Feature Article

July 09, 2014

Half of U.S. Homes Could be Mobile-Only by 2020

Some 41 percent of U.S. households did not buy or use landline phone service in the second half of 2013, according to the latest study by the National Center for Health Statistics.

That represented an increase of 1.6 percentage points since the first half of 2013 and 2.8 percentage points since the second half of 2012. At those rates of abandonment, half of U.S. homes will be mobile-only for voice services by about 2020.

The rates of abandonment are higher in certain groups. Some 66 percent of adults aged 25 to 29 lived in households with mobile service only.

Among households of 18 to 24 year old adults, 53 percent were mobile only. Among households containing people 30 to 34, 60 percent were mobile-only.

The percentage of adults living in households with mobile service and no landline voice service decreased for those in households older than 35.

Mobile-only voice was characteristic of households 48 percent for those aged 35 to 44, 31 percent for those aged 45 to 64 and 14 percent for those aged 65 and over.

That pattern of faster adoption by younger households has been characteristic of many new technologies and services.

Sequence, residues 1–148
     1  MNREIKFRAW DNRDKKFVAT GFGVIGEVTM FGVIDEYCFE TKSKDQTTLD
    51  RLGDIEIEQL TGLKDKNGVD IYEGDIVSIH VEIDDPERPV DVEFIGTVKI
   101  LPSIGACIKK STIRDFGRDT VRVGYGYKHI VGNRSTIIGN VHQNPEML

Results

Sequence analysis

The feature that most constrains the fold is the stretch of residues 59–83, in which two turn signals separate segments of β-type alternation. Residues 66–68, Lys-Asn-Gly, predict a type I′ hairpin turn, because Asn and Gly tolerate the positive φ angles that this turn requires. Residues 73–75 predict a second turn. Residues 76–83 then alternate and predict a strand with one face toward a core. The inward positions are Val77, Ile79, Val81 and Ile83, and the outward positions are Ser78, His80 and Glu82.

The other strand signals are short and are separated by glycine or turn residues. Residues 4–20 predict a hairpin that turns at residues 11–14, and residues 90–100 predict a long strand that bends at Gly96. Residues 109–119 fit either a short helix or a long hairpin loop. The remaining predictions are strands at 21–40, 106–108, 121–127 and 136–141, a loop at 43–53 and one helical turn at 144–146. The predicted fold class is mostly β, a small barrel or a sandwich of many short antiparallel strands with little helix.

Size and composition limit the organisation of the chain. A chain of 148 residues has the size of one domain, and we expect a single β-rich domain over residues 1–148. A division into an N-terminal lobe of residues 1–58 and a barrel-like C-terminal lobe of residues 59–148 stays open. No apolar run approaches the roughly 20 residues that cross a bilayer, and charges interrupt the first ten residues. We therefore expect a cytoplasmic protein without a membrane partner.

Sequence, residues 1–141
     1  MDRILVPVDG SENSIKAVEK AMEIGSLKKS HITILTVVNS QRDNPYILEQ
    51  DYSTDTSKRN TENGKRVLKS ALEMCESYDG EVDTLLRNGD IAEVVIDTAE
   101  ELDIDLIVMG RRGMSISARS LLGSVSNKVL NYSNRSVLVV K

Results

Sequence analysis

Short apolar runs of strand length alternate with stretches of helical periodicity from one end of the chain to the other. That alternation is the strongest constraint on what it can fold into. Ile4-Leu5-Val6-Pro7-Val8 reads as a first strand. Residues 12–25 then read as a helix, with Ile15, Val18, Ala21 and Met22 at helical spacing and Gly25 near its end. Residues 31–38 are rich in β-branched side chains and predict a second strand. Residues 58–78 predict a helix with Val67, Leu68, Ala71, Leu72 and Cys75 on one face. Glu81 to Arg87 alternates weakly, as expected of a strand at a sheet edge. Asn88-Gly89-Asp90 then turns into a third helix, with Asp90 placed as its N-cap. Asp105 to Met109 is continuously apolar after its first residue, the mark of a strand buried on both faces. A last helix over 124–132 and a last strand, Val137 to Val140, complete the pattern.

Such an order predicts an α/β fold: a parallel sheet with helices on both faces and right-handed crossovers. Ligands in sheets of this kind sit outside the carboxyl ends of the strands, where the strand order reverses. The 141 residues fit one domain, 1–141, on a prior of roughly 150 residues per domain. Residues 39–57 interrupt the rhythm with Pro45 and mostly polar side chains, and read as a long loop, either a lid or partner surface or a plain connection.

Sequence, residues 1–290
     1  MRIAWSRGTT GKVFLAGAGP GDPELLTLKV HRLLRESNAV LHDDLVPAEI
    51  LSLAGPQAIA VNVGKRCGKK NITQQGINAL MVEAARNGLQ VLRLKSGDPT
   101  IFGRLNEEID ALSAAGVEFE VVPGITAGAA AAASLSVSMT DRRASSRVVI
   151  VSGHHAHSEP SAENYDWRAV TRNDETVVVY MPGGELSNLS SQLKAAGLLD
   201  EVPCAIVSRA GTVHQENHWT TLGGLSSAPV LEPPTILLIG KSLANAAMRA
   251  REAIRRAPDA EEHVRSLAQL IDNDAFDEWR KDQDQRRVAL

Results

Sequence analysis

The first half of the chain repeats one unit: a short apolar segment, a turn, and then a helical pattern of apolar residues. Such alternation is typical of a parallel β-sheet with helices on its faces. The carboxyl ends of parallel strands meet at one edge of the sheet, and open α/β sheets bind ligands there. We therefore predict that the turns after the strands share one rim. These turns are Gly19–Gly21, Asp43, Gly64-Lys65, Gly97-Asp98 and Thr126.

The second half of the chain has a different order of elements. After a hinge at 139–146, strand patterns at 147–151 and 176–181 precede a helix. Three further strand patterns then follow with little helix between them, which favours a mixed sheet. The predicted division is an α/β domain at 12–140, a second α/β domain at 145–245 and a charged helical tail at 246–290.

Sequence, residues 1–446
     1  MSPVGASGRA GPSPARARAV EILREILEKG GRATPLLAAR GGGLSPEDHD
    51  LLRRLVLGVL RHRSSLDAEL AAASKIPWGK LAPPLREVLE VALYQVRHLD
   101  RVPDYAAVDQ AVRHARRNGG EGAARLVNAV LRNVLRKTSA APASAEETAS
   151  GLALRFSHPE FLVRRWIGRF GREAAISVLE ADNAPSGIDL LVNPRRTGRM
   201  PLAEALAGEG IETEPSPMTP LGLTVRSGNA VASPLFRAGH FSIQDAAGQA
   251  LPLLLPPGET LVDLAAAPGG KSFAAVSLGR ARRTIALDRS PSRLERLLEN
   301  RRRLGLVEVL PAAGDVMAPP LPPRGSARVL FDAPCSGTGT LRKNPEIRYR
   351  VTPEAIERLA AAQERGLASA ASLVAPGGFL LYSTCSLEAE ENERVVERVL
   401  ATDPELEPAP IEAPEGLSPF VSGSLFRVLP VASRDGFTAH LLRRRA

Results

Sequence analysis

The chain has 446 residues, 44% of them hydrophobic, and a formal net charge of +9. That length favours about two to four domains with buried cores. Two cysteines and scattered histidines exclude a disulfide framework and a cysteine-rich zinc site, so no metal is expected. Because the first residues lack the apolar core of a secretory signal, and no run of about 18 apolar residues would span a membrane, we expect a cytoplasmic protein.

And that pattern seems to be true for adults living in mobile-only homes as well. Among all mobile-only adults, the proportion aged 35 and over has increased steadily, the National Center for Health Statistics says.

In the second half of 2013, more than half of mobile-only adults (55 percent) were aged 35 and over, up from 48 percent in the second half of 2010.

In households inhabited by non-related people, 76 percent are mobile-only.

About 47 of adults living alone used only mobile phones for voice. Adults living only with spouses or other adult family members were mobile-only at a 31 percent rate.

Some 62 percent of households occupied by adults in rented homes were mobile-only. In homes occupied by owners, about 29 percent were mobile-only.

Among all mobile-only adults, the proportion living in homes owned by a household member increased. In the second half of 2013, 49 percent of mobile-only adults were living in homes owned by a household member, up from 43 percent in the second half of 2010.





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